Tensile performance of cast-in headed anchors in geopolymer concrete

Date of Award


Document Type


Degree Name

Doctor of Philosophy


School of Engineering

First Supervisor

Alireza Mohyeddin

Second Supervisor

Themelina Paraskeva

Third Supervisor

Jessey Lee

Fourth Supervisor

Mostafa Attar


Geopolymer concrete is an ecofriendly alternative to normal concrete and its use in construction industry is growing due to the increased awareness of global warming. The relationships between the mechanical properties, such as the compressive strength, elastic modulus and mode I fracture energy of geopolymer concrete are not similar to those of normal concrete; these are specifically important for the prediction of the tensile capacity of structural anchors in a concrete substrate. As there are limited studies on the fracture energy of ambient-temperature cured geopolymer concrete, experiments are conducted to study the fracture energy and compressive strength of geopolymer concrete and compare the results with the respective properties of normal concrete. The results show that the ambient-temperature cured geopolymer concrete provides approximately 85% lower fracture energy than normal concretes of comparable compressive strengths. Based on the experimental results, a new fracture energy prediction equation is proposed for ambient-temperature cured geopolymer concrete.

In the current research study, the tensile behaviour of cast-in headed anchors in ambient-temperature cured geopolymer concrete is studied using the results of over 100 experimental tests and over 90 numerical simulations. There are 3 sets of experiments on anchors, which are differentiated based on the mix design of concrete. In each set of experiments, cast-in headed anchors of sizes 1.3T, 2.5T and 5T are embedded at effective embedment depths of 40 mm, 70 mm and 90 mm. In addition to the above sets, anchors of 2.5T and 5T sizes at embedment depths of 40 mm and 70 mm are also installed in normal concrete for comparison purposes. The difference in the capacity of anchors due to the variations in fracture energy of geopolymer concretes of the same compressive strength as well as the influence of anchor head size ratio is investigated using experimental tests.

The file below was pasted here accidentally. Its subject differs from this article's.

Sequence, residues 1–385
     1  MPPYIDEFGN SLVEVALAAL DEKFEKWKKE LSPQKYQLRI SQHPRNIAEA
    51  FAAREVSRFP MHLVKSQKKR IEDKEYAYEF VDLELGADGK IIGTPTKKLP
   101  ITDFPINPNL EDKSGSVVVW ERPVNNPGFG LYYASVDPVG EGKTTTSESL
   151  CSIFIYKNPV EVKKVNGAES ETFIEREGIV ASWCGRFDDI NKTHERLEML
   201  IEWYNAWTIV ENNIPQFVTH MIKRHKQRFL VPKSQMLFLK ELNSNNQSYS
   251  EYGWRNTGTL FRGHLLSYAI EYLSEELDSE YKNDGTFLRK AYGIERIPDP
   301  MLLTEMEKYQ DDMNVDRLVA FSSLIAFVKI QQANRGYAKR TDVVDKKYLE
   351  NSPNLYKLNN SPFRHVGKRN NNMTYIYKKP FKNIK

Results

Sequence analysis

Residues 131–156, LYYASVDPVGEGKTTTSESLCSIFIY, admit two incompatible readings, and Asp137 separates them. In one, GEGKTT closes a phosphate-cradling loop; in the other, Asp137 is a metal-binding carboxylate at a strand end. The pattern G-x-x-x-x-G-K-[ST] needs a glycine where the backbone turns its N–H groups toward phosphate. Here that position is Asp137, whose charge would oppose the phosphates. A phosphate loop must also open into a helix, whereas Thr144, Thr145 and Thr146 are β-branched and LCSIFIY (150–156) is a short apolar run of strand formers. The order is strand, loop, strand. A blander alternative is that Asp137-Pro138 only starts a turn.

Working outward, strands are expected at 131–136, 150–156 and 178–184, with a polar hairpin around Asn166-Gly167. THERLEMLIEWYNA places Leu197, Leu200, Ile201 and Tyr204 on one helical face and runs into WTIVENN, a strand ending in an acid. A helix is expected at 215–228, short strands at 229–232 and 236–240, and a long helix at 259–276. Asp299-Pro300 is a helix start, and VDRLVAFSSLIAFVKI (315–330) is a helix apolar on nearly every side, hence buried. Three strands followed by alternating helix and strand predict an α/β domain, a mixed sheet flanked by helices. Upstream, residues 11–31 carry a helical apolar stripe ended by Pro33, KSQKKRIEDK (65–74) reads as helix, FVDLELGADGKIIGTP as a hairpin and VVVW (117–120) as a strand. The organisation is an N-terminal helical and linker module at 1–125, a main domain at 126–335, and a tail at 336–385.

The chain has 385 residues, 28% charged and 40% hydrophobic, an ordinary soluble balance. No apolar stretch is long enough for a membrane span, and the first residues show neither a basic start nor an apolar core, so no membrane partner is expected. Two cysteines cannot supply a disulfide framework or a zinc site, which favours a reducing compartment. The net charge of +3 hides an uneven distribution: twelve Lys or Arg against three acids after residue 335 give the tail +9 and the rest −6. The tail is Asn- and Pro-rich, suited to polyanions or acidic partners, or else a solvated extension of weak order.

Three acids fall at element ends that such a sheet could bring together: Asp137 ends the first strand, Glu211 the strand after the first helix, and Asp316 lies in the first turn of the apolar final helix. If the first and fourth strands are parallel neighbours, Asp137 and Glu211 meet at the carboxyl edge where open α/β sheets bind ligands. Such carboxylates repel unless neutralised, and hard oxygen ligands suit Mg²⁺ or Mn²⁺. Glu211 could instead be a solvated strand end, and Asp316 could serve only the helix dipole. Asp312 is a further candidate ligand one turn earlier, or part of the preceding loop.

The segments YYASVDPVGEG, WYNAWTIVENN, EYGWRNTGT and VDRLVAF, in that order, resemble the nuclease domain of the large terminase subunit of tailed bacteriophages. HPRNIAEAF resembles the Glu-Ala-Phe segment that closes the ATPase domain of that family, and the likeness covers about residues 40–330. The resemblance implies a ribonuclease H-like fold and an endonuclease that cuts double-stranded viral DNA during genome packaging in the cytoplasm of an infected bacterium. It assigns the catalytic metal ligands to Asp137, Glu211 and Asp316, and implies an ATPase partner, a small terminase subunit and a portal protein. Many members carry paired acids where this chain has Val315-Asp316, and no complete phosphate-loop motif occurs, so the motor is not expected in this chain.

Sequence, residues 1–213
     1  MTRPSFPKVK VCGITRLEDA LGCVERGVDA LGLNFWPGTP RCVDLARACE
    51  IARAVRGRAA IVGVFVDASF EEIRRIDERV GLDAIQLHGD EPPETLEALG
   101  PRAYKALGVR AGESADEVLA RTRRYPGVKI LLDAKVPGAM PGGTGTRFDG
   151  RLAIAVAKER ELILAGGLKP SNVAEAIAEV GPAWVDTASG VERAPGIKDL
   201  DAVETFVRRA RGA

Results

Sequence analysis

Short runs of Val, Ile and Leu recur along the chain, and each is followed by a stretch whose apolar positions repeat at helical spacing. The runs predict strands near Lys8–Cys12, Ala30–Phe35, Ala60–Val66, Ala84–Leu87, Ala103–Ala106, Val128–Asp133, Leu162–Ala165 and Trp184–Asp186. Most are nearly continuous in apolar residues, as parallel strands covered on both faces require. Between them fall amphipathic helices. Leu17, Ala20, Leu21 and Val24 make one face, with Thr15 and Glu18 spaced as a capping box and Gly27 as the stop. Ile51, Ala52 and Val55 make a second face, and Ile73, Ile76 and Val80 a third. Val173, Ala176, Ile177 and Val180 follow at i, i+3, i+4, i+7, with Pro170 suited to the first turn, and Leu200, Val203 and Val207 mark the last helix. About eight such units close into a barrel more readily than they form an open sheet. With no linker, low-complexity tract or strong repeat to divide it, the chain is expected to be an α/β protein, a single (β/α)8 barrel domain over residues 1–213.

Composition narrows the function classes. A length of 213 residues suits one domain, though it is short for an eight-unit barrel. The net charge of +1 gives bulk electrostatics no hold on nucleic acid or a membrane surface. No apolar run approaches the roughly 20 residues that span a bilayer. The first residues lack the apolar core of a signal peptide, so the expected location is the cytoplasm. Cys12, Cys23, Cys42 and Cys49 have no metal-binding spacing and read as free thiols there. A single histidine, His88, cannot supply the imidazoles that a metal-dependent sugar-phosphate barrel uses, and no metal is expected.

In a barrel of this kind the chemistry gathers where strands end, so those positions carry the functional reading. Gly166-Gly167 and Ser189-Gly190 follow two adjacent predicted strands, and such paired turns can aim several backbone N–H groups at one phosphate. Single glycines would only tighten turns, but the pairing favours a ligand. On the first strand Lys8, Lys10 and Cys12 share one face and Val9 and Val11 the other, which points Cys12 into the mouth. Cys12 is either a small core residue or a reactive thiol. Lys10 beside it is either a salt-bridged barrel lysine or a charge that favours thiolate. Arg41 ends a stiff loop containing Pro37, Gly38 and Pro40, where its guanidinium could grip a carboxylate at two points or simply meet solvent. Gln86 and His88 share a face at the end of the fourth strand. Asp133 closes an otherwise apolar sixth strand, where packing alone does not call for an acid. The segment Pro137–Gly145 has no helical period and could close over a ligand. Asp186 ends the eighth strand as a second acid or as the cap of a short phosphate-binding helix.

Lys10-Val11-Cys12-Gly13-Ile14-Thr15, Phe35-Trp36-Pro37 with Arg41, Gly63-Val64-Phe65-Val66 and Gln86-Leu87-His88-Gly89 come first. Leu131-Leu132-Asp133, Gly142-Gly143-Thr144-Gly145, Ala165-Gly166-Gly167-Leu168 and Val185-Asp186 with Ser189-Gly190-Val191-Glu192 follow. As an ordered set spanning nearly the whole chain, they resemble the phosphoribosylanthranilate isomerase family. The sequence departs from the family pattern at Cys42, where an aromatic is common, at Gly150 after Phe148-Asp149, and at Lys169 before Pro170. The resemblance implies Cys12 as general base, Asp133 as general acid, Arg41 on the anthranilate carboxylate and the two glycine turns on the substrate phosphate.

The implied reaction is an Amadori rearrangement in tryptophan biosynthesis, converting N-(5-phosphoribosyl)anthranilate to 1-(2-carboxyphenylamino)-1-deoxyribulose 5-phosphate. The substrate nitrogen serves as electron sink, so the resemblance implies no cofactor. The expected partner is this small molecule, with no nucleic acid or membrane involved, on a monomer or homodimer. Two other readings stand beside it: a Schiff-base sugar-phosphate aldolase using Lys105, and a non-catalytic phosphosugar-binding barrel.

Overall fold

Numerical simulations are used to complement and expand the results from the experimental study. Nonlinear Finite-Element analyses are conducted to study the influence of surface cracking of the substrate material and the effect of anchor head profile on the tensile capacity of anchors.

The experimental and numerical results are compared with two of the currently available prediction models namely: Concrete Capacity Design (CCD) and Linear Fracture Mechanics (LFM) models. It is shown that on average, the CCD model overestimated the tensile capacities by 10% to 40%, depending on the anchor embedment depth, and the LFM model accurately predicted the capacity of anchors at 40 mm embedment depth, and underestimated the results by 40% at 90 mm embedment depth.

In comparison to similar anchors embedded in a normal concrete of a comparable compressive strength, the capacity of anchors in geopolymer concrete is on average 35% lower. Hence, new modification factors are proposed to extend the application of CCD and LFM models to anchors installed in geopolymer concrete. The modification factors are validated using 60 numerical simulations whereby the effective embedment depth ranges between 40 mm and 180 mm.



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